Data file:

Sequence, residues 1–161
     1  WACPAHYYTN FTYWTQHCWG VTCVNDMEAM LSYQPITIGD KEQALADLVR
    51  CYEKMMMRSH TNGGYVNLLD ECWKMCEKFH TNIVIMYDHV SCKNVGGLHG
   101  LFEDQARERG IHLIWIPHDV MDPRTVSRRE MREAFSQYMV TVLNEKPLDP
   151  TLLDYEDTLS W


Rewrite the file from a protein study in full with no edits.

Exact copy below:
Sequence, residues 1–161
     1  WACPAHYYTN FTYWTQHCWG VTCVNDMEAM LSYQPITIGD KEQALADLVR
    51  CYEKMMMRSH TNGGYVNLLD ECWKMCEKFH TNIVIMYDHV SCKNVGGLHG
   101  LFEDQARERG IHLIWIPHDV MDPRTVSRRE MREAFSQYMV TVLNEKPLDP
   151  TLLDYEDTLS W